Imam Muhammad Musri is comfortable brokering interfaith dialogue, but in his bid to stop Florida pastor Terry Jones from burning Qurans on Saturday, he has waded into a controversy with global repercussions.
He has stood with Jewish and Christian leaders to support health-care reform. He waded into the Fatimah Bary runaway teen controversy. And he has reached out to Hispanics by teaching the Quran in Spanish.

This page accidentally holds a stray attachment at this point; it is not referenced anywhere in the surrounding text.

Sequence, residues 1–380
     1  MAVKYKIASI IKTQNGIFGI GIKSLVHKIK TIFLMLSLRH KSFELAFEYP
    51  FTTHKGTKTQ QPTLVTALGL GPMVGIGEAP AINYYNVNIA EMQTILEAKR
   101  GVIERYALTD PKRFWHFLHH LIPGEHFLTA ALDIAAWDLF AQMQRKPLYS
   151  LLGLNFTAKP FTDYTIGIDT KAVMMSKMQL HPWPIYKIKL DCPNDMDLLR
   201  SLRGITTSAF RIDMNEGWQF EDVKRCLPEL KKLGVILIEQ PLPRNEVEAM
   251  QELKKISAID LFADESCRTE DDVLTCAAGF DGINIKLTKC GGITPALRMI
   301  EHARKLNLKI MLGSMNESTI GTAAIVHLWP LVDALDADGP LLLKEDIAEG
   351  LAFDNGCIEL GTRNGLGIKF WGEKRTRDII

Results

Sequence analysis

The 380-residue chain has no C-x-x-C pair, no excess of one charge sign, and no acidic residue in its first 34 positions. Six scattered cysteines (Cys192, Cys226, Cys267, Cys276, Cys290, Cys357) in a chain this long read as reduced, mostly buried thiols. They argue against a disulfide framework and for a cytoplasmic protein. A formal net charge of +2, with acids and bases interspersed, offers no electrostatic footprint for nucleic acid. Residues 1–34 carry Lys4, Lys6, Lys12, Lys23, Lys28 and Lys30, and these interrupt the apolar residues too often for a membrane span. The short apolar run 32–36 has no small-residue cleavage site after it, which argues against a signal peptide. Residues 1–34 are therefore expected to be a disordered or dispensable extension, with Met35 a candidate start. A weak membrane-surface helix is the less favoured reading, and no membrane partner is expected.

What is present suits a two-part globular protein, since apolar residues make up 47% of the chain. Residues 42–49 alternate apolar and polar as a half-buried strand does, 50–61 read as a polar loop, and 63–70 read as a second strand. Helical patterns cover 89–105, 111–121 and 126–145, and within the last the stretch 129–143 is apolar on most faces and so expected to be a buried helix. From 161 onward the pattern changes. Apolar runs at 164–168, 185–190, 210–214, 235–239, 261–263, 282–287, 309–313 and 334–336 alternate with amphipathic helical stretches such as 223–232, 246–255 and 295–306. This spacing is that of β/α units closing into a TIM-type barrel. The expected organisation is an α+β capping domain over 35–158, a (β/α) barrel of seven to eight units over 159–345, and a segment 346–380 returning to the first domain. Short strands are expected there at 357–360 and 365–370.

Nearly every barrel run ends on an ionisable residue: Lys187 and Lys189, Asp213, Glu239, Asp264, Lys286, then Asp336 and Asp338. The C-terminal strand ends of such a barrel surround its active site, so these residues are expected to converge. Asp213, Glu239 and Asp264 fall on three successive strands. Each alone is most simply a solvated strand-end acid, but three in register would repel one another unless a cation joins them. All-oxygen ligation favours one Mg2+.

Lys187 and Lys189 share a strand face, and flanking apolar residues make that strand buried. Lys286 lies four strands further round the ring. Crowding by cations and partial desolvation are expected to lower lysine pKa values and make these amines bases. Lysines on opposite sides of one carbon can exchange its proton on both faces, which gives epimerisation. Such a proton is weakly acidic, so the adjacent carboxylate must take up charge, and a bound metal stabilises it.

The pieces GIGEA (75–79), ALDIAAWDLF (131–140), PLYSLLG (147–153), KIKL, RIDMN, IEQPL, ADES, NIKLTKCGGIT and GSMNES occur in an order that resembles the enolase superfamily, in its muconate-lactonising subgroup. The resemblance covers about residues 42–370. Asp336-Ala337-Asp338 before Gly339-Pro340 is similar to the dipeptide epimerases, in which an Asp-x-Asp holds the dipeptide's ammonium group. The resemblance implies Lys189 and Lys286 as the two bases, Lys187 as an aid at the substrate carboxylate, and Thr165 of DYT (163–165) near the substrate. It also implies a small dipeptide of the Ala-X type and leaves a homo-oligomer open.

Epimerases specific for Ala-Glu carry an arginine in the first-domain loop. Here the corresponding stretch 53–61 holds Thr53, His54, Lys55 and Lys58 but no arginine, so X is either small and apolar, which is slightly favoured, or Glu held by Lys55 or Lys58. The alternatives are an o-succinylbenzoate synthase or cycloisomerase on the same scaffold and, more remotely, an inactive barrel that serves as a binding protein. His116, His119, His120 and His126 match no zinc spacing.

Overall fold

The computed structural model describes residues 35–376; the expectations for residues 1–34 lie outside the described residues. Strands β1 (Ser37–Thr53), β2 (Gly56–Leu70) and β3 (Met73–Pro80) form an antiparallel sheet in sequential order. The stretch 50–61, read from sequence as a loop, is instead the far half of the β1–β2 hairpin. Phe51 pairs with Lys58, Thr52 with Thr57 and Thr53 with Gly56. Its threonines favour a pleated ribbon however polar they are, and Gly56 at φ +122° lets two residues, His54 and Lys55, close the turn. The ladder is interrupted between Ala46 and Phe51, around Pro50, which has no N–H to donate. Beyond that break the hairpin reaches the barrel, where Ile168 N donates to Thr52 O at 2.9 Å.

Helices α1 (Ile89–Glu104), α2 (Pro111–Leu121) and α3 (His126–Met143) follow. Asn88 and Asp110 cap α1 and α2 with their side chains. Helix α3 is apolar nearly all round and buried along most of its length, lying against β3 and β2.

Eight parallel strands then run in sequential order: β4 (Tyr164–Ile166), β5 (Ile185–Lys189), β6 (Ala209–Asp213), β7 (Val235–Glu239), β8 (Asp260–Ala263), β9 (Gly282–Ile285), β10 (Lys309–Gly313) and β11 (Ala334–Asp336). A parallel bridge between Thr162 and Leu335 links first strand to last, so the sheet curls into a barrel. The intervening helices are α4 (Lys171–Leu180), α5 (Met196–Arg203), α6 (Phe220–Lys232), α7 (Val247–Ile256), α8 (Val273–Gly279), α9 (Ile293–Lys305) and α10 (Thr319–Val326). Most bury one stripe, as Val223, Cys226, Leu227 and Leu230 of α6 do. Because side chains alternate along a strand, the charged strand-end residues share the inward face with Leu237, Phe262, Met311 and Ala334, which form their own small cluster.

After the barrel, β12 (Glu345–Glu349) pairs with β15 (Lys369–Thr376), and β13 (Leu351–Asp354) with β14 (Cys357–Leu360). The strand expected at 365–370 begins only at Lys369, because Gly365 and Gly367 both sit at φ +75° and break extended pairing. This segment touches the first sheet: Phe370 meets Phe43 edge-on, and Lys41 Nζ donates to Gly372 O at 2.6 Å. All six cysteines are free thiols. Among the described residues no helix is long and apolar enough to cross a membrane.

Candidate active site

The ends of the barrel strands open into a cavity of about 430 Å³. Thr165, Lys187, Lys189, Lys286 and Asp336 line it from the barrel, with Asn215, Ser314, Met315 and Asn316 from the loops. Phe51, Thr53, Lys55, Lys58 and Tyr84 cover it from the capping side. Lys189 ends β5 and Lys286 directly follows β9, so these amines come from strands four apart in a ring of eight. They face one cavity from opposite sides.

But Imam Muhammad Musri, a young and by many accounts unconventional Muslim leader, may have found his greatest challenge as he stepped into a global controversy over Florida pastor Terry Jones' plan to burn Qurans on the anniversary of 9/11.
On Thursday, Mr. Musri, the president of the Islamic Society of Central Florida and overseer of six mosques, appeared with Mr. Jones to announce the suspension of the Quran-burning gambit. Jones later backtracked, saying Musri "clearly, clearly lied" to him by agreeing to a condition that the Park51 religious center planned for near ground zero in New York would be moved to another location.
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